Allium, also known as the Ornamental Onion, is an incredibly distinctive spring and summer flower. Our allium bulbs are the perfect fit for any garden. Expect these plants to be vibrant and colorful from April to August with their trademark spherical shape. Native to Asia, Africa, Central and South America, allium flower bulbs are a splendid and hardy plant with long-living colorful flower heads. These plants also come in varying heights and colors, making it easy to combine them with flowers already present in your yard. We recommend that you combine allium bulbs with German irises and daylilies to bring your garden to a whole new higher level.
When to plant allium bulbs:
Allium bulbs should be planted in fall, after the first frost and before the ground freezes. Planting after the first frost creates the perfect conditions for planting allium and other small bulb plants. The ground will be warm enough for the bulbs to establish roots, but not so warm that they'll mistake the fall for spring and create shoots.
Keep in mind that not all alliums grow from bulbs! A few, called herbaceous allium, multiply through root clumps like perennials. Herbaceous alliums include allium tuberosum—better known in the vegetable garden as garlic chives—Millenium, Snowcap, and prairie onion varieties. Alliums that grow as perennials can be planted in either spring or fall.
How to plant allium bulbs:
Allium bulbs are incredibly easy to plant, and they're easy to grow. Alliums are actually members of the onion family—anyone who has tried to remove wild onions from their yard knows just how hardy these bulb plants can be! Because they are small, hard bulbs with an onion-like taste, alliums usually aren't bothered by deer. And, their hardy nature means they don't require soil amendments.
When planting your allium bulbs, choose a location with full sun and well-drained soil. Or, select a large planter for growing alliums in a container. Loosen the soil to about ten inches below the surface, to allow your allium bulbs to grow strong roots before their blooming time next spring. Then, plant the bulbs at the depth indicated on their package, cover them with loosened soil, and water them in well. That's truly all the planting care that allium bulbs need!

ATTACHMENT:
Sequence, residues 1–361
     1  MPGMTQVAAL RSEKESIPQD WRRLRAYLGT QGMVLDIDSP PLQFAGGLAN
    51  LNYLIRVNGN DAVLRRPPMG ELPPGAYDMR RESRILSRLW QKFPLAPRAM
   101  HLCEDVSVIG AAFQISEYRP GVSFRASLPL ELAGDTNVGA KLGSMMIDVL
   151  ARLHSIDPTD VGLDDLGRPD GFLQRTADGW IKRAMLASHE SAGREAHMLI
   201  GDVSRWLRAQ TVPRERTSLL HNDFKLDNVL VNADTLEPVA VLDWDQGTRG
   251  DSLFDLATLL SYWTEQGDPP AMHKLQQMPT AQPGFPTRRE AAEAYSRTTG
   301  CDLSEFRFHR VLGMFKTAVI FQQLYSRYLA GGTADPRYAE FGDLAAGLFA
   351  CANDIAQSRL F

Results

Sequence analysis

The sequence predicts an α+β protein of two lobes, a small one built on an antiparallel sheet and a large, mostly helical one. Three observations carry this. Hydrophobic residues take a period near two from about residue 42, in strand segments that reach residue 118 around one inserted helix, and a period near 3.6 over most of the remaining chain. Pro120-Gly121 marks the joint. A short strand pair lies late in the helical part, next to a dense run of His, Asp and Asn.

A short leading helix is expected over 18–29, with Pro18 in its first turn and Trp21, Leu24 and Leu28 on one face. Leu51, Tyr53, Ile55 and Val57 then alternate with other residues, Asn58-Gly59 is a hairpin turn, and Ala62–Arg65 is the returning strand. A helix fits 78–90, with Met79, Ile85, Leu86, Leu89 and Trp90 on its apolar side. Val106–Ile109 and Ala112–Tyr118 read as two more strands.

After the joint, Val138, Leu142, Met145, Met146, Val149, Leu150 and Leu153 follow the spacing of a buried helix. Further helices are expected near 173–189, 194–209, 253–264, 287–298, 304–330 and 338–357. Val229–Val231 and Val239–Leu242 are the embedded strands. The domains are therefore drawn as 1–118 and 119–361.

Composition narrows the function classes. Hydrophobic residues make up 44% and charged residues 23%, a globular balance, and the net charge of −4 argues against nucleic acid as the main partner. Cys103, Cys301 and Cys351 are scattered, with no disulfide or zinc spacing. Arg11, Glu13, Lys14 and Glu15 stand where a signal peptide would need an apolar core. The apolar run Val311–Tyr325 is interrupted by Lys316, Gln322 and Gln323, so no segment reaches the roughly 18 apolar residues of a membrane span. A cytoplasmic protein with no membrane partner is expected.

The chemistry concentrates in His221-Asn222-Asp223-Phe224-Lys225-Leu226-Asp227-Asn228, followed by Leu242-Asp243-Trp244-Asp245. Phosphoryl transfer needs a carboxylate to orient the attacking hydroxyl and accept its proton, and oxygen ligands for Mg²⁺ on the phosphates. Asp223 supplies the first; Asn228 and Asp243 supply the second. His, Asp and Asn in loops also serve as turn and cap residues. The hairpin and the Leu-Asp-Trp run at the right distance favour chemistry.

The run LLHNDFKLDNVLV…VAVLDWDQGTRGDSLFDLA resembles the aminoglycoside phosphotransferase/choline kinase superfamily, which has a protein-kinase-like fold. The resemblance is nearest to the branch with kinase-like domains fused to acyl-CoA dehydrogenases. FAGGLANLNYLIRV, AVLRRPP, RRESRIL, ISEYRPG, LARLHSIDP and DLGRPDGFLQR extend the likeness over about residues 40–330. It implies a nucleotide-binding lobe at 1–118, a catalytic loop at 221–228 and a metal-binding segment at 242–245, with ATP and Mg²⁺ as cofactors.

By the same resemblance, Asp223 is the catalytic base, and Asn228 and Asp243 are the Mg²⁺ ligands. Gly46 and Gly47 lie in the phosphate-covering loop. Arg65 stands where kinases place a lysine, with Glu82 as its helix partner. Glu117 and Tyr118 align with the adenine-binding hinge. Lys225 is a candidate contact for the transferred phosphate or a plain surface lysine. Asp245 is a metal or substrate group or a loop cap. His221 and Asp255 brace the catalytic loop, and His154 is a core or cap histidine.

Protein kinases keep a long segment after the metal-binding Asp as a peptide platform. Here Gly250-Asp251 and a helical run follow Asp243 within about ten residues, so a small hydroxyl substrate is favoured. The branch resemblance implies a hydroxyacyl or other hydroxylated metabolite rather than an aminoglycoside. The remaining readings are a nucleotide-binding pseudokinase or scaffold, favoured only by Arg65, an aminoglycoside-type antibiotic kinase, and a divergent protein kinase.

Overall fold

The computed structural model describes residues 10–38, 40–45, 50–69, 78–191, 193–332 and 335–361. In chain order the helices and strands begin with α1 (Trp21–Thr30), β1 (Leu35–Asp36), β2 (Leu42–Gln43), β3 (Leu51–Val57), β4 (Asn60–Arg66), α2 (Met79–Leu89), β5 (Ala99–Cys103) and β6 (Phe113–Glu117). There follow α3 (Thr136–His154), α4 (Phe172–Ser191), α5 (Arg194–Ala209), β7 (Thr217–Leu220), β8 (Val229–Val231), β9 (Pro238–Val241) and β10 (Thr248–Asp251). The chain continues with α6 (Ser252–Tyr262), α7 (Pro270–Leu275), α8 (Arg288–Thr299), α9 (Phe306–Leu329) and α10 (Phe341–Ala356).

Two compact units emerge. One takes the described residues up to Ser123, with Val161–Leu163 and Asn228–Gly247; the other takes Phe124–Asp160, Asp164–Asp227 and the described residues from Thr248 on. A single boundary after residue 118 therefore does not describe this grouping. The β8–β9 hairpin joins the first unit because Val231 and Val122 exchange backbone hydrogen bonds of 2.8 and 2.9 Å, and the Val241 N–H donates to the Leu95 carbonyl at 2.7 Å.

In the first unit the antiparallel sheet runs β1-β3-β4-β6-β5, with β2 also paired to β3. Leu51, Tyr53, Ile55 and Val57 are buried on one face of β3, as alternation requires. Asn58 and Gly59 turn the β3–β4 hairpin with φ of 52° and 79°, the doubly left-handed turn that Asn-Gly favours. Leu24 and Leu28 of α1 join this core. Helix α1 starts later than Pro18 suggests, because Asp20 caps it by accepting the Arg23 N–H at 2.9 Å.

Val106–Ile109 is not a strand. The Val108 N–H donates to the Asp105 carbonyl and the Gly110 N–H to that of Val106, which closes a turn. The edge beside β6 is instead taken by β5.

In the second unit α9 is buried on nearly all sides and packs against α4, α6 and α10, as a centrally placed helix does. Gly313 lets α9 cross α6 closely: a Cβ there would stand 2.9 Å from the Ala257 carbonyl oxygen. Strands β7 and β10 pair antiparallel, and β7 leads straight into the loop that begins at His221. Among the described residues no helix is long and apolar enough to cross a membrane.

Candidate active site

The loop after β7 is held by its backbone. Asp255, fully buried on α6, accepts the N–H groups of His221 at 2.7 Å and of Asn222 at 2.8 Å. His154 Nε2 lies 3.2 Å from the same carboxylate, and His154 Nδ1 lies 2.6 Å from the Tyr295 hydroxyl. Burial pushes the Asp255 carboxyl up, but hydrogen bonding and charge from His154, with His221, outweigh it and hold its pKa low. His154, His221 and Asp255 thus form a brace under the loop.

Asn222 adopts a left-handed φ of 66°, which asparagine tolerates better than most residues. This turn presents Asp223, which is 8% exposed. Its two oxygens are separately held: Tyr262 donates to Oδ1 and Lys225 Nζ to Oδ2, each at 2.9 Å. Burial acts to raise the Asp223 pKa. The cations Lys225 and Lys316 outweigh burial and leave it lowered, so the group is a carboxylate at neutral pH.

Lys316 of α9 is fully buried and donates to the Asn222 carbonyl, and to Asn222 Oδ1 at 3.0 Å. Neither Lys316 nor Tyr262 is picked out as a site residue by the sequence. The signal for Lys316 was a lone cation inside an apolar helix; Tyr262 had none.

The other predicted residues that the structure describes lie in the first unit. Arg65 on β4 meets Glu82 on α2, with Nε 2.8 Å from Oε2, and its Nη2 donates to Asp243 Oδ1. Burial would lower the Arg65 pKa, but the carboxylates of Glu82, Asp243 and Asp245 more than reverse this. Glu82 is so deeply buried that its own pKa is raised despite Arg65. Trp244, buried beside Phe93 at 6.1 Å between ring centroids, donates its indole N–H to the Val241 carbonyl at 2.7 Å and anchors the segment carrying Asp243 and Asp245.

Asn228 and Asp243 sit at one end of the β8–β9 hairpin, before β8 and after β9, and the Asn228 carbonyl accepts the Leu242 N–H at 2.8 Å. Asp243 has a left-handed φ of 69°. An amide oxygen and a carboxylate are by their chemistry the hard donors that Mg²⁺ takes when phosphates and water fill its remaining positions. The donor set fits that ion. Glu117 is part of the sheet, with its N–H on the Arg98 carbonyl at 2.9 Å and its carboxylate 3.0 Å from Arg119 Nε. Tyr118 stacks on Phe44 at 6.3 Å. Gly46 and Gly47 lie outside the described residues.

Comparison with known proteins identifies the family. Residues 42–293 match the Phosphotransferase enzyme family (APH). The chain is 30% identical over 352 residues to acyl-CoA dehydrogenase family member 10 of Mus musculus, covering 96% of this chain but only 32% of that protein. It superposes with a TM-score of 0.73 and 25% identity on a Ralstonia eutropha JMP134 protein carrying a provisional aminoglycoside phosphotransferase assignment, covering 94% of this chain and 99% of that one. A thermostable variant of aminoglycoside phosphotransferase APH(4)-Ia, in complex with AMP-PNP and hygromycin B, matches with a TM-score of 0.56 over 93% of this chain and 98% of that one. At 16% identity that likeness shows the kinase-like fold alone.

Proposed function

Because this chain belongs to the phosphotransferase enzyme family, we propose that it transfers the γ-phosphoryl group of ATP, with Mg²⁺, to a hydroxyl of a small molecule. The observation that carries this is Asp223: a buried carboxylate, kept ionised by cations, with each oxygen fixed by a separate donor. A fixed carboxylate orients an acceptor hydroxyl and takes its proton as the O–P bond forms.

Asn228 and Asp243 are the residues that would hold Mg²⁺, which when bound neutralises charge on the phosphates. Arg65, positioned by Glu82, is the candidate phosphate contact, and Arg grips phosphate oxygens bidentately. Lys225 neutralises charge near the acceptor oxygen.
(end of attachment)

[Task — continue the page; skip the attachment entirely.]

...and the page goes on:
How deep to plant allium bulbs:
The size of allium bulbs will determine planting depth. Most bulbs should be planted at about two or three times their height so, a small Drumstick allium bulb that is one inch tall will be planted three inches deep. Giant alliums that may be two or three inches tall should be planted deeper, at four to six inches. Be sure to check the packaging on your bulbs for specific instructions.
Where to plant allium bulbs:
Alliums are the perfect "back of the bed" plant, due to their tall height and stately manner. However, these beauties don't need to hide! You can also plant alliums in a clump to create a focal point, or to one side of the garden to balance out a tree or shrub. They thrive in rock gardens, and create a whimsical look when standing tall above pretty pebbles. Or, use them in cutting gardens to have a fresh supply of late-season, globe-shaped blooms perfect for arranging.
When selecting where to plant alliums, consider the plants around these summertime blooms. Alliums bloom in late spring and early summer, along with gladiolus, iris, and many perennials. Giants like Globemaster bloom in May and June, just when your springtime bulbs are fading. To add height alongside early summer perennials and annuals, try smaller, later-blooming varieties like drumstick alliums.
Don't skip out on alliums in containers, either. These are some of the rare tall flowers that have shorter roots: so, you can fill a container with allium bulbs and add lots of height to any patio. Or, try a "double decker" planting, layering allium bulbs in a container with deeper-planted bulbs like tulips. When both varieties sprout, you'll have a gorgeous (and long-lasting!) display.
How to store allium bulbs:
Allium bulbs are winter-hardy and extremely tough, so there's no need to remove them from the ground and store them over winter. But, what should you do if you miss your chance to plant bulbs in the fall? Can you store unplanted alliums until spring?
If the ground is already truly frozen, you can wait until spring to plant your allium: they may not thrive as well as if they were planted in fall, but if planted as soon as the ground can be dug they will grow. If you must store your allium bulbs over winter and plant in spring, the bulbs may not flower the first year. To avoid rot, spread your bulbs in a single layer, and store them in a shallow box or paper bag. Keep your bulbs in a cool, dry location over winter, such as a basement or garage.
You can also pot your allium bulbs for over winter storage and "force" them in the spring, then plant the sprouted bulbs outside. Plant the bulbs in pots and keep them in a cool and dry location. Don't leave them outside to freeze; as containers don't offer the same protection as ground soil. In the spring, you can place the containers outside and allow your allium to grow, then transplant them into the garden.